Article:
Sonic’s target audience is children, and they know that this movie may be their first introduction to the blue hedgehog. This explains why there are minimal references to the video game and where Sonic is from. They spend more time on jokes  and references that they may be able to get such as the multiple jokes about Olive Garden’s unlimited pasta, Sonic doing the floss dance not once but twice, and the reference to Vin Diesel from the Fast and Furious movies. 

The movie was at its best when it showed off Sonic’s video game powers, like when he used them to fight against Dr. Robotnik or when he created the power surge. They also included a fun montage of Dr. Robotnik doing a dance sequence while in his “evil-plotting” zone. Jim Carrey’s Dr. Robotnik’s character brought the aspects of the actual video game into the movie, making it more likable. Also – Spoilers ahead – during the end credits they hinted at a sequel by introducing Tails and an even more deranged Robotnik going full-on Eggman.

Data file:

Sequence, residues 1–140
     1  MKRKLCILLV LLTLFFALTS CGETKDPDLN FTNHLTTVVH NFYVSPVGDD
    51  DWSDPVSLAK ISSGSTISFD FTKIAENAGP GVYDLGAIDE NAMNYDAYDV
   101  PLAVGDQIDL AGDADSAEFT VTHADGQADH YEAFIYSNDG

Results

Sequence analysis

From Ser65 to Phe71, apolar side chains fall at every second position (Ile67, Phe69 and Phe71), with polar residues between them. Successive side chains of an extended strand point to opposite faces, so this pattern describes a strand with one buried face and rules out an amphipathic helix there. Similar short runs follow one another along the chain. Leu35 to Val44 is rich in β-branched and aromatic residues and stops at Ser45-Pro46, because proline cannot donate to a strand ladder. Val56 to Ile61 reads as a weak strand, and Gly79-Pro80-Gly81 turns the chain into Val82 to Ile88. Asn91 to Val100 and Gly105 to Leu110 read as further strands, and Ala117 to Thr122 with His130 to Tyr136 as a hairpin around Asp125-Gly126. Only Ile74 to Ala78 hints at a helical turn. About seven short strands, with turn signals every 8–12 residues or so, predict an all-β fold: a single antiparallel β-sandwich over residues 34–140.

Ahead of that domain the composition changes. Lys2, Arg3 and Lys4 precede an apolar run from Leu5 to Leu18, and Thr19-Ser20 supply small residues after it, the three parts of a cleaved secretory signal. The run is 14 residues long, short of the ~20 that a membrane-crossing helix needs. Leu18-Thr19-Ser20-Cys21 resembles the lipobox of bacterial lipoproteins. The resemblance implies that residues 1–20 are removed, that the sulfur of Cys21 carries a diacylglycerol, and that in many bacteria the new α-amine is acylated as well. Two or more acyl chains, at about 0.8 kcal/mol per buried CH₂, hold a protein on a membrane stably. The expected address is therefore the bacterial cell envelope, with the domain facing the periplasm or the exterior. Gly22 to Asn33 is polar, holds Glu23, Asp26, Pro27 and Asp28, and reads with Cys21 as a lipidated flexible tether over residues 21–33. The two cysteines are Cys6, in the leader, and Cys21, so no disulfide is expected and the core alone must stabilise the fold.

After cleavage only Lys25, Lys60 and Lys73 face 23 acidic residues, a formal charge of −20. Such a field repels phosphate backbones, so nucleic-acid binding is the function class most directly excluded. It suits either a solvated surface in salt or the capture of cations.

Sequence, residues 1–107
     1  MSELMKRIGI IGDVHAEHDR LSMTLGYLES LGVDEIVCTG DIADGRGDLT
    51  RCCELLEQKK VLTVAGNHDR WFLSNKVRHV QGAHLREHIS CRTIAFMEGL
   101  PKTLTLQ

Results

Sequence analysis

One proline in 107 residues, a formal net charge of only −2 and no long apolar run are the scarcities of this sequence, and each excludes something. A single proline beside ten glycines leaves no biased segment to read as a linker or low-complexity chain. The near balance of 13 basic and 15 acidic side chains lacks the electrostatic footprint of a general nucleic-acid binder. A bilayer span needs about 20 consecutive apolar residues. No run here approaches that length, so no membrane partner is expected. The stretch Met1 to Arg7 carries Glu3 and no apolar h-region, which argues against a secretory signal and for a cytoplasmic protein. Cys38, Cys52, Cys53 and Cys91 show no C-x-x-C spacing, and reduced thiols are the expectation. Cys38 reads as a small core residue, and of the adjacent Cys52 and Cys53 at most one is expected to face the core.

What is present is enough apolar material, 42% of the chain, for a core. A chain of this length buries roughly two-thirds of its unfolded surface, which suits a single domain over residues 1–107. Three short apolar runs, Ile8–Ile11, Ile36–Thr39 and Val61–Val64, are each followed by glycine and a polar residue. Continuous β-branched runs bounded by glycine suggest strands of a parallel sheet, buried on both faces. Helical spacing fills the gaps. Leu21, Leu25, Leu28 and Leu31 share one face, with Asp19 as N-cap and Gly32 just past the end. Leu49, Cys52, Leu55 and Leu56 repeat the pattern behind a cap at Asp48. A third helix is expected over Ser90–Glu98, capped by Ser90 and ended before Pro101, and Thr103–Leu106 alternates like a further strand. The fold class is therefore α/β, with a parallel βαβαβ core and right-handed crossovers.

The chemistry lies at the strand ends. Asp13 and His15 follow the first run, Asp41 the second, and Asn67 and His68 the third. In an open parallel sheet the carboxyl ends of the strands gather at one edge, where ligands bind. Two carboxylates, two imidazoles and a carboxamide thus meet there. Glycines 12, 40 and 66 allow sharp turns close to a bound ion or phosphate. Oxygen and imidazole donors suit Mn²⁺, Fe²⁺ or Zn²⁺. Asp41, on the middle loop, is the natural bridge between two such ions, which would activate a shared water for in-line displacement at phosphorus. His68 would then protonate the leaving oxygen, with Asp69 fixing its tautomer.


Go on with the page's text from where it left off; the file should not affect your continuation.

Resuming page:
However, they ignored one crucial element from the game which is the video game’s theme: the impact humanity has on nature and its animals. This is shown in the video game when Eggman’s vehicles are destroyed by Sonic, and a forest animal always comes out of them. This implies that the ugly vehicles were powered by those cute animals, causing a clear indication that the villain in the video game does not care about jeopardizing life, nature, and the environment. Yuji Naka, one of the primary creators of “Sonic the Hedgehog” talked about how this was, “one of first ecological messages in a video game”. He also said in a 2010 interview:  “Dr Robotnik is a slightly radical representation of all humanity and the impact humanity is having on nature. In 1991, it was a very sensitive subject to talk about the environment and while I had my viewpoint, I did not speak of it. With ‘Sonic,’ I was given an opportunity to express my views in a different way and did so, showing Robotnik using pollution and creating machinery which desecrates the environment and it is down to Sonic to change his ways.” However, the movie played it safe and rather than showing the theme of humanity’s impact on nature, and displayed the theme of selfless friendship. This theme still has much value, however, it isn’t the theme that was displayed in the original video game.